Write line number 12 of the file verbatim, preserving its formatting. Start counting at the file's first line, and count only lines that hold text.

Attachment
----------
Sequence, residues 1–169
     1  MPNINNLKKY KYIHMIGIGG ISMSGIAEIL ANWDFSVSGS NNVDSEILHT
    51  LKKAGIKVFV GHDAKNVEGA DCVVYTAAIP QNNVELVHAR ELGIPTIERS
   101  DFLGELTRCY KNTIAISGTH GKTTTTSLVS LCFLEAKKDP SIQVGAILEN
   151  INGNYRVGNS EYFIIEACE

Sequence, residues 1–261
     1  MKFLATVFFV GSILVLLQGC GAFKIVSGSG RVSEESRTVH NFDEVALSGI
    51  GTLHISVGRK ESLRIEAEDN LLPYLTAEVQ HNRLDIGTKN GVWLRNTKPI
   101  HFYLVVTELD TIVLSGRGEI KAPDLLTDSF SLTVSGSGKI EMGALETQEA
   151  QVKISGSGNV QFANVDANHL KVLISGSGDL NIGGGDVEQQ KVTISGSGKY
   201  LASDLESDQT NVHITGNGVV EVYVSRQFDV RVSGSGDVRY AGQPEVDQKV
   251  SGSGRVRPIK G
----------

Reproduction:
   251  SGSGRVRPIK G